Riding the New Wave

devo

By Dave Austin, “The Music Professor”

I’m going to toss out a few groups and you name the musical genre into which they fall:  Adam and the Ants, B-52’s, Cars, Echo & the Bunnymen, Devo, R.E.M., and INXS.

If you said New Wave, you’re right!  This style of pop music bridging the late 1970s and 1980s gave us a plethora of legendary alternative bands – mostly identified by their open-ended styles and their departure from the strict songwriting rules of the past.  Also, the music melded both punk and pop with slick production and more thoughtful lyrics than those found in the typical 80s radio playlists.

Let’s look at some of the major bands who helped define the New Wave genre:

If you missed Duran Duran songs during the 1980s, you just weren’t there.  Honing their chops during the late 70s, this band broke through in 1981, becoming one of the first groups to ride the MTV wave to mega-stardom.  Their first single, “Girls on Film,” was a raunchy track with an accompanying video that was either banned or heavily censored.  However, the resulting notoriety helped the band’s second album, “Rio,” push New Wave into the mainstream.

The Cure, emerged from England in the late 70s with a dark and melodious sound that would help them define what was later to become known as the Goth genre.  Not satisfied with their gloomy image, they began to release singes with lyrics reflecting their swing to a more upbeat movement.  The Cure scored big with two albums, in succession – “The Top” on 1984 and “The Head on the Door” the following year.  However, it was their 1987 release of “Kiss Me, Kiss Me, Kiss Me” that brought them to international stardom.  The Cure remained successful until 1995 when changing musical tastes dimmed their popularity.

New Wave’s inclusion of straight-ahead rock infused with pop was best defined by INXS.  Coming from Australia, the band spent most of the early 80s touring heavily and releasing albums mostly for their Aussie fans.  Their 1982 “The One Thing” track convinced record companies they could score internationally.  In 1983, the band recorded what is widely considered the greatest New Wave song, “Original Sin,” and their 1985 album “Listen Like Thieves” garnered the group their first Top 5 single.  Their trademark release, “Kick,” produced four singles and an album which broke into the American Top 10.  The band fell apart in 1997 following the death of their charismatic lead singer, Michael Hutchence.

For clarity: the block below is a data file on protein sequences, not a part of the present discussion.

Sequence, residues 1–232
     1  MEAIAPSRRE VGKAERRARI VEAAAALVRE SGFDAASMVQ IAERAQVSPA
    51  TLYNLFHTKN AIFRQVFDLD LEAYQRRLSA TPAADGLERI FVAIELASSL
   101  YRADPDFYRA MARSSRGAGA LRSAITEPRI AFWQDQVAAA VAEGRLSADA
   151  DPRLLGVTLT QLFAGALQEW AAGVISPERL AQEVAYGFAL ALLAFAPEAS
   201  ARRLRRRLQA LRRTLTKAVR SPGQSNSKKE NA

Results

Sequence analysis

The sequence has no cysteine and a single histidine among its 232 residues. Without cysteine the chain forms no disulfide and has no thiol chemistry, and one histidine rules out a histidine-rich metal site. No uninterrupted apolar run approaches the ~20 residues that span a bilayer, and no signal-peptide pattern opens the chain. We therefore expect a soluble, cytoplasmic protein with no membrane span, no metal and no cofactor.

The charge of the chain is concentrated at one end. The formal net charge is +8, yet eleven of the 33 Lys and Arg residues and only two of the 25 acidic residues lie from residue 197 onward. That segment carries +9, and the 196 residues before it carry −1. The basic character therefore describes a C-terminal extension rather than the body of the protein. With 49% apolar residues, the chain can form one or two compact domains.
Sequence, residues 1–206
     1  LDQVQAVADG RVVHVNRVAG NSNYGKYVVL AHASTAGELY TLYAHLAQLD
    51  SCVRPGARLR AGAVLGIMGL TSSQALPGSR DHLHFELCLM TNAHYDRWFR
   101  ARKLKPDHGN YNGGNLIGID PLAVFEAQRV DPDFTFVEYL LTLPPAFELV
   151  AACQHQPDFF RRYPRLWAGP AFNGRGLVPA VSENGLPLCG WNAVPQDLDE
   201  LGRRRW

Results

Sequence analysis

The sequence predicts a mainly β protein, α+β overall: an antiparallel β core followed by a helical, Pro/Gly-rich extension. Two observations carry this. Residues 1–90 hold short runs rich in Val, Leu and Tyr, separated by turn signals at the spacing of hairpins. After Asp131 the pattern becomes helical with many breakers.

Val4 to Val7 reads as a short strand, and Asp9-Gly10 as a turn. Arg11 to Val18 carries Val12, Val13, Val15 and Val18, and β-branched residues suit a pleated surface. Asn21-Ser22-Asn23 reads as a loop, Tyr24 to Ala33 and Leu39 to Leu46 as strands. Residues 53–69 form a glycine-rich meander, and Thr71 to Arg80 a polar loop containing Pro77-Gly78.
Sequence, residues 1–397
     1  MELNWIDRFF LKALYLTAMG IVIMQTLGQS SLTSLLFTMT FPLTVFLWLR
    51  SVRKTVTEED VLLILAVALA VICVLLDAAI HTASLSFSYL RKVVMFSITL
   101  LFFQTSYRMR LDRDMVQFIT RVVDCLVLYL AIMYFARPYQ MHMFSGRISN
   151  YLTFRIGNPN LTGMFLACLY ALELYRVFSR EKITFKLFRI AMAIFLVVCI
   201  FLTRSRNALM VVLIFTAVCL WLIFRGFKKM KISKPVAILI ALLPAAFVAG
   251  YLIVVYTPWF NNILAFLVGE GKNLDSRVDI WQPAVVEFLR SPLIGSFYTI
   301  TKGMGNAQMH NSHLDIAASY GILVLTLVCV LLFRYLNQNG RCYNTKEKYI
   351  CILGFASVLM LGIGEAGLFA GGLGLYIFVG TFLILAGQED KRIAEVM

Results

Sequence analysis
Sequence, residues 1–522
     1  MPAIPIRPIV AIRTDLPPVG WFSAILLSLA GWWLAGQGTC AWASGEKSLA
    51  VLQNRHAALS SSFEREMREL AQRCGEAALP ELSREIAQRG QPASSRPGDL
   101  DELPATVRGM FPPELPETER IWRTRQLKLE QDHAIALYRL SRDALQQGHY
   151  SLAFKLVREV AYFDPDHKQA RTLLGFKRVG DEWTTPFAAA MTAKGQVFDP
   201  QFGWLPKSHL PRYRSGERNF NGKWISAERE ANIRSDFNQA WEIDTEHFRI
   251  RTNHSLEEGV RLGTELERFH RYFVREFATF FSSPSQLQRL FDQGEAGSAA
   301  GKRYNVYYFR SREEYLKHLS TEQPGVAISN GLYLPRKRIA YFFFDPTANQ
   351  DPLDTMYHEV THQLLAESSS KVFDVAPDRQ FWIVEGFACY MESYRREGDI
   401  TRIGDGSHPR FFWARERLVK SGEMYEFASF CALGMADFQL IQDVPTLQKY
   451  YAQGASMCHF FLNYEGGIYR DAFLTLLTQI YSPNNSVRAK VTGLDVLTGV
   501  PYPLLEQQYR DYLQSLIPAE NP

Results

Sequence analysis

New Wave also had a goofy side and Devo is the perfect example.  Formed in Ohio, Devo spent much of their early history making fun of what they considered the “de-evolution” of their surrounding society.  They created a unique sound which encompassed the oddness of New Wave.  Their greatest hit, “Whip It” from their third album, was sexually risqué and lyrically puzzling.  Aside from their odd songs, Devo is also remembered for their elaborate stage costumes which included yellow plastic suits and red “power dome” hats that more closely resembled flower pots.

If there was a soundtrack for the 1980s, many would choose R.E.M. for it.  This quartet from Athens, GA,

inspired bands from the Indigo Girls to the White Stripes with their jangling guitar and mysterious lyrics, and their 1980 “Murmur” album made them the darlings of college radio.  Years of heavy touring as well as their hit, “The One I Love,” vaulted them to international success.  When the band re-signed with Warner Brothers in 1996, they received a reported $80 million – a record-setting deal for the time.

Other influential New Wave groups:

Yaz – also known as Yazoo (A short-lived group which has remained relatively unknown in the U.S.  Their 1982 album, “Upstairs at Eric’s” produced songs which belong in the musical history books.)

The Smiths  (1982 to 1987.  Their popularity was mostly in their native England, but they were an underground college hit in the U.S.)

New Order  (The new name for the band, Joy Division, which immersed itself in the New York City club scene and positioned itself as a dance music powerhouse.  Their 1983 hit, “Blue Monday,” still holds the record for the best-selling 12-inch single of all time.)

Depeche Mode  (In the U.S. the band was considered dark or Goth.  However, in the U.K. they were pin-up heart throbs.  After losing and replacing several members over the years, this band continues to tour and record.)

Tears For Fears  (Complex in terms of both themes and composition, their music explored another side of the popular New Wave genre of the time.  Listen to their track, “Shout,” a Top 5 hit which was aggressive and dour when compared to the typical upbeat New Wave sound.)

I’ve just touched on a few of the most influential groups of the era.  For a more comprehensive listing of New Wave groups and their songs, follow this link:  http://www.liketotally80s.com/new-wave-hits.html

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